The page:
Film, Video Spurs
Ahlborn, Richard E.
Marshall, Howard W.
Stewart, Leslie J.
Ninety Six Ranch
- Contributor Names
- Stewart, Leslie J. (Narrator)
- Ahlborn, Richard E. (Narrator)
- Gastañaga, Linda (Interviewer)
- Marshall, Howard W. (Interviewer)
- Created / Published
- July 25, 1978
- Subject Headings
- - Ninety-Six Ranch
- - Artifacts
- - Spurs
- - Horse gear
- - Motion Pictures
- - Ethnography
- Motion Pictures
- - Richard Ahlborn interviews Les Stewart while he demonstrates the purpose of spurs.
- - Les compares and contrasts a bronc spur for rodeo bucking horses with a spur for use with everyday working horses. The second pair of spurs, however, are not everyday. They are silver-mounted and were made by the Garcia Bit and Spur Company of Elko, Nevada. Guadalupe S. Garcia was born in San Luis Obispo, California, in 1864, worked as a vaquero, and moved to Nevada in 1893. He opened a bit, spur, and saddle shop in Elko in 1896, and soon developed a reputation as a fine craftsman. The company remained in family hands until purchased by the J.M Capriola Company in 1978. In their 1982 catalog, prices for silver-mounted spurs begin at a little more than two hundred dollars. (Rice and Vernam 1975, 132-36; J.M. Capriola Co. 1982, 1; Ward 1958, 229-33)
- 3/4 inch video
- Call Number
- AFC 1991/021: NV78-VT8
- Source Collection
- Paradise Valley Folklife Project Collection (AFC 1991/021)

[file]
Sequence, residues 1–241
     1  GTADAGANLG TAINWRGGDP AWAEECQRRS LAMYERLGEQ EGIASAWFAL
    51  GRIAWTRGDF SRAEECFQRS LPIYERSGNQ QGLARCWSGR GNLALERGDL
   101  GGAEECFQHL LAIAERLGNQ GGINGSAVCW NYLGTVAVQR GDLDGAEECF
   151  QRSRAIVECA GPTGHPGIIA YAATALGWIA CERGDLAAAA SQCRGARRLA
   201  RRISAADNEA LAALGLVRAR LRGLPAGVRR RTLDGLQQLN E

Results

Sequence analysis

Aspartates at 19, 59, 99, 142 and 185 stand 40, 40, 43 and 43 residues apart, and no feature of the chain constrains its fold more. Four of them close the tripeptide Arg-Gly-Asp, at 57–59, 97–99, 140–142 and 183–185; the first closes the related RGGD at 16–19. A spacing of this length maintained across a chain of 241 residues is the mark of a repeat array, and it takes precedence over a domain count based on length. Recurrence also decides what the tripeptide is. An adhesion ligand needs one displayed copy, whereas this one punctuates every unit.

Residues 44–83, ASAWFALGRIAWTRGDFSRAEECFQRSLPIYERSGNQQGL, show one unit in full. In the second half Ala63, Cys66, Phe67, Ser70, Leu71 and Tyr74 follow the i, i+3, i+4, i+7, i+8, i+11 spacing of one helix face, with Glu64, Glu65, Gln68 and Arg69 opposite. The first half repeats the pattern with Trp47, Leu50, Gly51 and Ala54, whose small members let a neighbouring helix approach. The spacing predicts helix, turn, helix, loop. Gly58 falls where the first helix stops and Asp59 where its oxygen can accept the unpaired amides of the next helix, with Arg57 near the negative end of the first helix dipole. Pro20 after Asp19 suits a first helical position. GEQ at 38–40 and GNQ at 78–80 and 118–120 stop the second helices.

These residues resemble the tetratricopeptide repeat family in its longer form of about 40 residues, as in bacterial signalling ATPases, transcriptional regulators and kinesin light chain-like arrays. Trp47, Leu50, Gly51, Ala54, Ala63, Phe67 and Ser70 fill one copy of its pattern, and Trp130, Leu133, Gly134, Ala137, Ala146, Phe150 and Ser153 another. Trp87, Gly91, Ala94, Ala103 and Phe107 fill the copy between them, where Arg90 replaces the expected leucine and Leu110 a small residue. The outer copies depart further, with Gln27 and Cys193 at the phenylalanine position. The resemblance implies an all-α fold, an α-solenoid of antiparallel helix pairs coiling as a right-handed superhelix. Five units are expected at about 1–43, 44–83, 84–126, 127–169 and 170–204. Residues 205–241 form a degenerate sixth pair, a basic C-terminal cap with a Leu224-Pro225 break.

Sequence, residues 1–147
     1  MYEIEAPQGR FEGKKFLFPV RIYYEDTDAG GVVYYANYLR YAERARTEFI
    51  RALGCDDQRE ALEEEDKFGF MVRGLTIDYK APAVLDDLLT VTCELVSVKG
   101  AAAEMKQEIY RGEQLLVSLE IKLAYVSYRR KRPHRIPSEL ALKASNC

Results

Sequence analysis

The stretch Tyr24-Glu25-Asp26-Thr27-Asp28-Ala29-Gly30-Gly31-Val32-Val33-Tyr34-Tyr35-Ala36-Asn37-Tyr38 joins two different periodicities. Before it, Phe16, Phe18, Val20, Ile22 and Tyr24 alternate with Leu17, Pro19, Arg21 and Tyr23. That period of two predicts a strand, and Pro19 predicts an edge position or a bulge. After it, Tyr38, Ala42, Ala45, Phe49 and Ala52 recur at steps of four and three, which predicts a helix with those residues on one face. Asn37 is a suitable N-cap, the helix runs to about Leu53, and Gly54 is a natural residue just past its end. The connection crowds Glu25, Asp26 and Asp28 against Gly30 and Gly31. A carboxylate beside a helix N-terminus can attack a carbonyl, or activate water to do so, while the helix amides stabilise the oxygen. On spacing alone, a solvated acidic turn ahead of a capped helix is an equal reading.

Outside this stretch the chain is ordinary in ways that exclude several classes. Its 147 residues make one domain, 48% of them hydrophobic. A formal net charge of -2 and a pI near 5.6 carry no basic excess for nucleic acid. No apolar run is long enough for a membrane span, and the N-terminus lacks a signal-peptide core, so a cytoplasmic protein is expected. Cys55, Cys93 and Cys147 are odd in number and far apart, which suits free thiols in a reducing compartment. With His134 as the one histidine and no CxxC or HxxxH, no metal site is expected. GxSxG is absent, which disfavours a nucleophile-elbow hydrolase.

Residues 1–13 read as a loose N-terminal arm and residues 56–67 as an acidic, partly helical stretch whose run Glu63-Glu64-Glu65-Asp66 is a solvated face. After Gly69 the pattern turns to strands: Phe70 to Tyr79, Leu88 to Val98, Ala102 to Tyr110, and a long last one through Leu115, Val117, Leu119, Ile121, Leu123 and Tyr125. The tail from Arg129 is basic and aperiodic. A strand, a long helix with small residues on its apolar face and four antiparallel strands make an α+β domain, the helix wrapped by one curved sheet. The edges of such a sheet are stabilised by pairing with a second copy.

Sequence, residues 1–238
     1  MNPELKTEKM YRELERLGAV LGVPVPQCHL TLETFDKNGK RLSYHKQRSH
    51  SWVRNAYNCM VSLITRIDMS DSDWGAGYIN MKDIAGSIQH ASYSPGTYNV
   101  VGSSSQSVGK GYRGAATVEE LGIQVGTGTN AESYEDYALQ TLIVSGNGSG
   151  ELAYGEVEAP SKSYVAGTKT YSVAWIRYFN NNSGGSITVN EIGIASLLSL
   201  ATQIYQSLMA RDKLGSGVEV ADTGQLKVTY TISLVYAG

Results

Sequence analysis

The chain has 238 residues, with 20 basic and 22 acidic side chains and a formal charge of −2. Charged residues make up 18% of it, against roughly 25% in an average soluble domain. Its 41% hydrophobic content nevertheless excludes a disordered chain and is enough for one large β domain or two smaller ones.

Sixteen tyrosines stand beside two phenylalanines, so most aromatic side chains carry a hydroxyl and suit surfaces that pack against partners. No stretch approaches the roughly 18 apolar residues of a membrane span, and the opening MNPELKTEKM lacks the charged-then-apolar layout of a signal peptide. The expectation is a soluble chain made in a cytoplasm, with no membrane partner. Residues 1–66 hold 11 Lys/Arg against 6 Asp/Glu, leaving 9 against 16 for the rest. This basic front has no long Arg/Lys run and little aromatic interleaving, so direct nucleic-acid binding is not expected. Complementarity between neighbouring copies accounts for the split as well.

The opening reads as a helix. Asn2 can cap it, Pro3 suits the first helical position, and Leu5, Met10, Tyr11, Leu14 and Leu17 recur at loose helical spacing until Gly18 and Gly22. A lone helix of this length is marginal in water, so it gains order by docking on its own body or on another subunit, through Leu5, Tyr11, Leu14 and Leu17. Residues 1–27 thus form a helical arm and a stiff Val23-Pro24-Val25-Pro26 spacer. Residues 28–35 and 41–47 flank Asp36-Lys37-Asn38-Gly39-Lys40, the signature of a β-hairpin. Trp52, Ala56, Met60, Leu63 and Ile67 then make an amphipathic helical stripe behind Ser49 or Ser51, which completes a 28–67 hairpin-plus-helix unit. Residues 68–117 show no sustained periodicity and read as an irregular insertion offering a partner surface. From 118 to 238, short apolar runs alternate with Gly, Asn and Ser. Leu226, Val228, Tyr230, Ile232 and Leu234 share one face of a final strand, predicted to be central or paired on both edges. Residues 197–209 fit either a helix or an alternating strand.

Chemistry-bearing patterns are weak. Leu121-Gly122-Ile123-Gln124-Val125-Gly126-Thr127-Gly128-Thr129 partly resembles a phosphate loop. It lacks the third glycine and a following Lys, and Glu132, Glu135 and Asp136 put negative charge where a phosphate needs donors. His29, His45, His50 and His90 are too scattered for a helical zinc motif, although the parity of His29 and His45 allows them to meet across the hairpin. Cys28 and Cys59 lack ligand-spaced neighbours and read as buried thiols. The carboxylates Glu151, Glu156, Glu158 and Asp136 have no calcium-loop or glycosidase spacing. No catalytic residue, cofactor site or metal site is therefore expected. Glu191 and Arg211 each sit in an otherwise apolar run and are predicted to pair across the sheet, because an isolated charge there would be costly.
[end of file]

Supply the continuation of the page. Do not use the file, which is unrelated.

- American Folklife Center
- Digital Id
Rights & Access
The Library of Congress is not aware of any U.S. copyright protection (see Title 17, U.S.C.) or any other restrictions in the material in this collection, except as noted below. Users should keep in mind that the Library of Congress is providing access to these materials strictly for educational and research purposes. The written permission of the copyright owners and/or other holders of rights (such as publicity and/or privacy rights) is required for distribution, reproduction, or other use of protected items beyond that allowed by fair use or other statutory exemptions. Responsibility for making an independent legal assessment of an item and securing any necessary permissions ultimately rests with persons desiring to use the item. See our Legal Notices and Privacy and Publicity Rights for additional information and restrictions.
The American Folklife Center and the professional fieldworkers who carry out these projects feel a strong ethical responsibility to the people they have visited and who have consented to have their lives documented for the historical record. The Center asks that researchers approach the materials in this collection with respect for the culture and sensibilities of the people whose lives, ideas, and creativity are documented here. Researchers are also reminded that privacy and publicity rights may pertain to certain uses of this material.
The Buckaroos in Paradise collection includes copy photographs of numerous historical still photographs, works of art, and other objects that are owned by the families or individuals identified in bibliographic records for those objects. The collection also includes audio and video interviews with individuals who consented to the inclusion of these selections here.
Researchers or others who would like to make further use of these collection materials should contact the Folklife Reading Room for assistance.
Paradise Valley Folklife Project collection, 1978-1982 (AFC 1991/021), American Folklife Center, Library of Congress
Rights assessment is your responsibility.
More about Copyright and other Restrictions
For guidance about compiling full citations consult Citing Primary Sources.